Wednesday, November 30, 2016

7 things you should know about this 'harmless' habit that's actually a disorder

It can start with just a few strands of hair, an eyelash or two. But before a person knows it, Trichotillomania — the incessant urge to pull one's hair out — can become an all-encompassing disorder. While the condition is remarkably common, even experts say they have more questions than answers about the disease: For example, no one knows why adult women are disproportionately affected by the disorder. "It's extremely embarrassing and self-defeating," a 24-year-old survivor, who still struggles with Trich, told Revelist. "I've thought about shaving my head and starting over, I've tried wigs, but there is no hiding from yourself." Much of the shame survivors feel stems from the lack of education about Trichotillomania — that their illness isn't a moral failing, and that help is available to them.

It can start with just a few strands of hair, an eyelash or two. But before a person knows it, Trichotillomania — the incessant urge to pull one's hair out — can become an all-encompassing disorder. While the condition is remarkably common, even experts say they have more questions than answers about the disease: For example, no one knows why adult women are disproportionately affected by the disorder. "It's extremely embarrassing and self-defeating," a 24-year-old survivor, who still struggles with Trich, told Revelist. "I've thought about shaving my head and starting over, I've tried wigs, but there is no hiding from yourself." Much of the shame survivors feel stems from the lack of education about Trichotillomania — that their illness isn't a moral failing, and that help is available to them.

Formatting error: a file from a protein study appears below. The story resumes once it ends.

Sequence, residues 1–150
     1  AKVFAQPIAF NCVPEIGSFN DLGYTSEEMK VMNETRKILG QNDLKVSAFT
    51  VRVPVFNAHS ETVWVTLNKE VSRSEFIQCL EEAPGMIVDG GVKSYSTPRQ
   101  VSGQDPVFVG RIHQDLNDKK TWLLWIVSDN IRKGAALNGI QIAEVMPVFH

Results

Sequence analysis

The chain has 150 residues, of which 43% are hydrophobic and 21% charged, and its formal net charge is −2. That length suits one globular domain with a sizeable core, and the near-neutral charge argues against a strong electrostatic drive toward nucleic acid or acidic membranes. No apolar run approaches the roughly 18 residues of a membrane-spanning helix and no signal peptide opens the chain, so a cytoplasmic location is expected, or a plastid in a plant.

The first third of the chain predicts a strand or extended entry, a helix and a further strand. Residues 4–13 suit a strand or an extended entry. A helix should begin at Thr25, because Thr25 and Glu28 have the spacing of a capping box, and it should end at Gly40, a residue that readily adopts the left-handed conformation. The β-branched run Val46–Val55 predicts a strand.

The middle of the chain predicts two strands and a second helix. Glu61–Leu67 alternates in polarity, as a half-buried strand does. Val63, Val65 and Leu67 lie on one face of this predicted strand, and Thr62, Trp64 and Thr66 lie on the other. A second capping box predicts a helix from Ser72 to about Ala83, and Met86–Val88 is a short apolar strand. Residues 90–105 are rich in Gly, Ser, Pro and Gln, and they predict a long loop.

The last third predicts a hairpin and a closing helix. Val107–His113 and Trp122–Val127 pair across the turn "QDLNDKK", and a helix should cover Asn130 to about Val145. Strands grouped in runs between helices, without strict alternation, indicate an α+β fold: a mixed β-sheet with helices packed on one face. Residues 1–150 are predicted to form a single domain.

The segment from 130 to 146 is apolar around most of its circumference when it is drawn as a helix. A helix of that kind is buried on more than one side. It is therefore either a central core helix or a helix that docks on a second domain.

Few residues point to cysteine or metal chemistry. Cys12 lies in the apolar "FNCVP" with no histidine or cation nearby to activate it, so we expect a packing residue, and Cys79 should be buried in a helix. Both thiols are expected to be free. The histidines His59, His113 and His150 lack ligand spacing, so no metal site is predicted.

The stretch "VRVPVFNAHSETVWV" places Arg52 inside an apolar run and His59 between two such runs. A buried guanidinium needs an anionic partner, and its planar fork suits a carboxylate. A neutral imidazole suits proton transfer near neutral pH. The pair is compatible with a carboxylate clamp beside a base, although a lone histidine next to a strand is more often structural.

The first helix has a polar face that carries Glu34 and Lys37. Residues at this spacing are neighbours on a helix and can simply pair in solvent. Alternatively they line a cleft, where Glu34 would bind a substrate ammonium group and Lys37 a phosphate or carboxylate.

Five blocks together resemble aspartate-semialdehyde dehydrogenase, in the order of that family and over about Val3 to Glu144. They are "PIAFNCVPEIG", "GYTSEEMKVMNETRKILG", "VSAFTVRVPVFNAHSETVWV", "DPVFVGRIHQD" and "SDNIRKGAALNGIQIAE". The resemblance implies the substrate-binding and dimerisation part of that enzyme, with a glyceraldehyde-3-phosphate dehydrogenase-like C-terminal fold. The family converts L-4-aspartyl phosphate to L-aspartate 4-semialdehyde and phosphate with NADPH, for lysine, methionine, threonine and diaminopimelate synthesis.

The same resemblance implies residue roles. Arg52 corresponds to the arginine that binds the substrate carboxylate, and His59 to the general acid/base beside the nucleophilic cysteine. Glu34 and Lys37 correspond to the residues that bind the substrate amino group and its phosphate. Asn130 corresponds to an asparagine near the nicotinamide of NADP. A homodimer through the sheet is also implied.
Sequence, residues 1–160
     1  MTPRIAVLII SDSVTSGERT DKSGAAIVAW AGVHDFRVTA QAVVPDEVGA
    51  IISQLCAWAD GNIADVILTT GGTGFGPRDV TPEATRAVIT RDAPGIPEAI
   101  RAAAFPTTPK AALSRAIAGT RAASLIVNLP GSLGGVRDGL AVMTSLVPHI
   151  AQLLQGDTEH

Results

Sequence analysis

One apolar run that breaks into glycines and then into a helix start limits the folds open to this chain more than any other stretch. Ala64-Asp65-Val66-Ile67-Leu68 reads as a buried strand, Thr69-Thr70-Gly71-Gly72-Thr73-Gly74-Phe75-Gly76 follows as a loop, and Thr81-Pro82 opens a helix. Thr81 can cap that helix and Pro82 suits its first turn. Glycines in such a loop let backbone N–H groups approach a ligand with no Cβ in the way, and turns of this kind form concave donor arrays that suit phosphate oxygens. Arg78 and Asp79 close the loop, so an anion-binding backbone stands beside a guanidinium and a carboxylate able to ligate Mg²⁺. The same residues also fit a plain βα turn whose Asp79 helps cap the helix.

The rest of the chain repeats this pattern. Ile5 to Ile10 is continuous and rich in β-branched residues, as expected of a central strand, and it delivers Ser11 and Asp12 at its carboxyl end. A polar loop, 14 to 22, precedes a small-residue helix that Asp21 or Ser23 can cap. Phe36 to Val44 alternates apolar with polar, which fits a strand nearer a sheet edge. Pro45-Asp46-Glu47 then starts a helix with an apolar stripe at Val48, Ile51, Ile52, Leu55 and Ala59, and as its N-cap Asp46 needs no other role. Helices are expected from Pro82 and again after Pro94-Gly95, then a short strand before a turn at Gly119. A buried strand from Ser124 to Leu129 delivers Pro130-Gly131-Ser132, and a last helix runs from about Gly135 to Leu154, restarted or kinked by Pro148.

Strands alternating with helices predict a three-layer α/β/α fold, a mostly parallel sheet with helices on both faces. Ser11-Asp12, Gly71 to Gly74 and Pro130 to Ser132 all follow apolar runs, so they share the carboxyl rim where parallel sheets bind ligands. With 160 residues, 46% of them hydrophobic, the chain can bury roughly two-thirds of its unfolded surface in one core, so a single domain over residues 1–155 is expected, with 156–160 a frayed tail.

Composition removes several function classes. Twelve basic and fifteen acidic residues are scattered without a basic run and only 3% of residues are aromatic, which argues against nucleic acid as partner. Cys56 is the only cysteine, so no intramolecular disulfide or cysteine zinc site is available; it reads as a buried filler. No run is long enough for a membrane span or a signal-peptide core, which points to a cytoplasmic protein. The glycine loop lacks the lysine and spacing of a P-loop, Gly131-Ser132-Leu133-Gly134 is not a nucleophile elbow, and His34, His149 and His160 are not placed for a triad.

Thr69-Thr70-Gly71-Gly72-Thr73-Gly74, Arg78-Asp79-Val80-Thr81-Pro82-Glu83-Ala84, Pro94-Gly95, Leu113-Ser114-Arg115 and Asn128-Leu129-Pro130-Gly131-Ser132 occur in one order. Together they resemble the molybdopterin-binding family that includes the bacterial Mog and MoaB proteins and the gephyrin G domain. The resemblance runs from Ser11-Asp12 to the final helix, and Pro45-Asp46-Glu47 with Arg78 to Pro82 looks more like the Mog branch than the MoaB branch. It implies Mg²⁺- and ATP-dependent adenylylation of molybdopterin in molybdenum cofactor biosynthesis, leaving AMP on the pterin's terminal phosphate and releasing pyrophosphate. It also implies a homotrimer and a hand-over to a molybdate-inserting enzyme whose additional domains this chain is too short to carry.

1. Trichotillomania is different than the occasional hair pulling. There's a strong distinction between having a "habit" and living with a full-fledged disorder, Raikes told Revelist. "Trichotillomania is a mental health disorder when you have the compulsion to pull out your hair to the point where it’s causing you distress, or where it’s disrupting your life in some way," she said. "It could be your head hair, it could be your eyelashes, it could be your eyebrows. It could be pretty much any hair on your body, the most common being head hair." Many sufferers don't even realize the consequences of the disease.

2. Trich is usually comorbid with other mental health issues. "Trich often coexists with a number of different problems, like anxiety," Raikes said. "Sometimes [it coexists with] depression, sometimes body-focused repetitive disorders, like skin picking disorder, which is very similar to hair pulling."